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Interview with Chapter Advisor Dr. Mark Himmelein


Dr. Mark Himmelein has been the chapter advisor for the Beta Iota Chapter at Mount Union University since 1998. Following several years of outstanding service, Himmelein was initiated as a non-matriculate initiate in 2000 as Beta Iota #1766. On the faculty at Mount Union University, Dr. Himmelein has been a German Professor since 1995.

What has been your favorite part about being chapter advisor?

I think the contact with the guys – watching them grow up, take on new challenges, and enjoy a few successes. I find it helps me keep things in perspective. It is easy to live in the past and to get out of touch with what students need and how they learn, and if you are an educator, that can be a real problem. I learn more being with students and working with them than I would if I were just in the office or reading a textbook. We always ask our Commanders as they leave office “If you had it to do all over again, would you still want to be Commander?” If I were asked that question as chapter advisor, I can very honestly say my answer would be, “Yes, without a doubt!”

What makes a successful alumni volunteer?

The ability to listen is critical. That’s harder to do than most people think. It’s much easier to just give orders and set down rules, but in the end, that doesn’t really teach anyone anything and it certainly is not good for the chapter. You have to know what you believe in and what is right and wrong, but what is critical is getting the active members to make wise decisions on their own. Often times this means stepping back and allowing them to fail, and most of all being there to help them understand what went wrong and how it could have been better. It’s not about having all of the answers, but rather helping younger members find the answers for themselves. I think that is what makes a fraternity different than just a club: clubs are great for entertainment and for pleasure, but a fraternity ought to be about that and much more.

What are some of your “best practices” as chapter advisor that you can recommend to other Sigma Nu volunteers?

The thing I have learned the most and always try to be better at is to guide the chapter members, not lead them. It is easy to simply give instructions, and there are times when you have to draw the line, but it is far better to help them come to the right conclusions on their own. Without being too critical of current students, many have not had the opportunity to stand on their own or to make their own mistakes. Moreover, a lot of them lack the moral and familial support that they should have and will need as young man out on his own. I think you have to “show how,” support the students, and be there when mistakes are made not to point out the error, but to help figure out what the best next step is.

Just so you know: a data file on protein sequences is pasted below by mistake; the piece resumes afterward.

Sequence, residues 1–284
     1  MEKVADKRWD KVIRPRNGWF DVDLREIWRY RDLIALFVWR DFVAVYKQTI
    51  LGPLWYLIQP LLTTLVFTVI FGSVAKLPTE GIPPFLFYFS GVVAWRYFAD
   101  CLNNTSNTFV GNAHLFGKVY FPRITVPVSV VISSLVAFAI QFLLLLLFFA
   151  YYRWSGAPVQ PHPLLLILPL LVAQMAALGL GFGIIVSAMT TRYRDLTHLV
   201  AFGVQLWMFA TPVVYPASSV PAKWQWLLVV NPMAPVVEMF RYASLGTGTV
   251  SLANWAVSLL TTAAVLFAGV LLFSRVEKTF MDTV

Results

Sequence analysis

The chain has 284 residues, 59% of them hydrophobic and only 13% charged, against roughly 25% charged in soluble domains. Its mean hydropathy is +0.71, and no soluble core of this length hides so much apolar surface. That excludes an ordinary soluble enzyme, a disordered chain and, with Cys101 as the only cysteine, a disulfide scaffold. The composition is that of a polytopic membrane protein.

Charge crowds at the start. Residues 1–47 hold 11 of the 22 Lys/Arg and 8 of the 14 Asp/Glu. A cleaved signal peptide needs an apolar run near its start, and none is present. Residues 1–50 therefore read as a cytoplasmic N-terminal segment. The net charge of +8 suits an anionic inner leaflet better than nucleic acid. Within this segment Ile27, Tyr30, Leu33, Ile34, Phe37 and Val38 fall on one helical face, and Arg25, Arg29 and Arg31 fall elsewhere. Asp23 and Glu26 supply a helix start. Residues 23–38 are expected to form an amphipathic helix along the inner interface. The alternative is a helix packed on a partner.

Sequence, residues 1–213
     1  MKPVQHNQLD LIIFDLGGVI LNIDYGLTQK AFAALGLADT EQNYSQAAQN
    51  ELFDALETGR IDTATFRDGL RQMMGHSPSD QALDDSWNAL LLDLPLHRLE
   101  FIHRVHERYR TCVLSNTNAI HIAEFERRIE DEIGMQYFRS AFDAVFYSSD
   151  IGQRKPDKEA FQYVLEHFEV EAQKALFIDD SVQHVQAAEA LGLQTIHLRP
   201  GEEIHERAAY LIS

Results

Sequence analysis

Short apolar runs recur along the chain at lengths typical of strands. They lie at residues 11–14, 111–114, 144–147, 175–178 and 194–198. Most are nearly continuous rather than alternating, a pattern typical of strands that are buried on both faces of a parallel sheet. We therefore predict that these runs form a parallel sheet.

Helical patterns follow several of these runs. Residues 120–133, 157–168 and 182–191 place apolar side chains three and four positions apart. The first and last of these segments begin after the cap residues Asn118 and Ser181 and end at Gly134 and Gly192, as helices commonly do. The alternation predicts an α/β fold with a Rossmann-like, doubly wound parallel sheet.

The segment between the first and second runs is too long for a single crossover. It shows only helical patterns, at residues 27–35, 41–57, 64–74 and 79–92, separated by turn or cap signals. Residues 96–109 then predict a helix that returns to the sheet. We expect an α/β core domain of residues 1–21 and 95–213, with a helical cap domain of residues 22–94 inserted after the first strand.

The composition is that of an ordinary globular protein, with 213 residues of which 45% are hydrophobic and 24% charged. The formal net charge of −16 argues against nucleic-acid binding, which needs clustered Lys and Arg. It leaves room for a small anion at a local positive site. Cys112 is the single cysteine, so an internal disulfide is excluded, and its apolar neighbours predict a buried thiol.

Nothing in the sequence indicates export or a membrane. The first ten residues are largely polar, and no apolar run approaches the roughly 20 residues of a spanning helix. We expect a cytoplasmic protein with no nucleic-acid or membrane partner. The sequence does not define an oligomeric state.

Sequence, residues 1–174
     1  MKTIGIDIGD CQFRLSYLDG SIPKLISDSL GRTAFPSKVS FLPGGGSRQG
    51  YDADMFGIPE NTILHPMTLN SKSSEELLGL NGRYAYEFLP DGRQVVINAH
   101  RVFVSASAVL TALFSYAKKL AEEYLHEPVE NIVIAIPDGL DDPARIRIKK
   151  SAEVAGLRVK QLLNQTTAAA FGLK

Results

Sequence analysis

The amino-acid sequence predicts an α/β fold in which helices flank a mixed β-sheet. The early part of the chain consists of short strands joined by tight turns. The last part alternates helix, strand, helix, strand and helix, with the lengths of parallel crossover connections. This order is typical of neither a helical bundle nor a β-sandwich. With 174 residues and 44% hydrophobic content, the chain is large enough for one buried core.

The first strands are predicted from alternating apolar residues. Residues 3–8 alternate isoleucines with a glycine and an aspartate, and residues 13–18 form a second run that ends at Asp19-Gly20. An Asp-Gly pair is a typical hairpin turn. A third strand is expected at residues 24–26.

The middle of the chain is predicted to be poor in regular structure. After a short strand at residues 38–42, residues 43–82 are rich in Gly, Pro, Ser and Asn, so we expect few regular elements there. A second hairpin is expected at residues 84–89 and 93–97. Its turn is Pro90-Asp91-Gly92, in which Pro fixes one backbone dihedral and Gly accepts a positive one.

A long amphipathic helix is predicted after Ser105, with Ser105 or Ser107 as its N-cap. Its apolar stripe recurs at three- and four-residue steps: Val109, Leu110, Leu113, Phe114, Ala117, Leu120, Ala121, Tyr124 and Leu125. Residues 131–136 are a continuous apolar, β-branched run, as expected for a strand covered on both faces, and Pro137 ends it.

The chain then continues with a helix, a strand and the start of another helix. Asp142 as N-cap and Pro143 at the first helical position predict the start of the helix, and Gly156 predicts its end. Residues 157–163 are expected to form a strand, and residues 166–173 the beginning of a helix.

I think you also have to listen to what the students are saying and try to find some value in the things they like. Once you have graduated and moved on you have to realize that the fraternity cannot forever exist the way you remember it. If you try to force that image you had of a great experience as an undergraduate on to the next generation, you’ll end up being very frustrated. I’m all for tradition, telling stories, passing on memories and building connections to the past. Realistically, though, advisors need to remember that the chapter is not a way to relive their own past. Expect that things will be different and focus on keeping the core principles the same. In the end, those are the things that connect the alumni to the active chapter.

What do you think makes a great chapter leader?

A great chapter leader has the capacity to move beyond his own self-interests and needs, and to think instead of the greater good. I think it is a guy who is willing to examine his actions and ask if what he did he did for the right reason. If he has made a tough decision for the right reason, then he can stand by it, regardless of whether or not it is popular. He also has to learn to admit his mistakes and to make a genuine effort to do better the next time around. As a leader, in the end, it is not about yourself, but about the people you lead.

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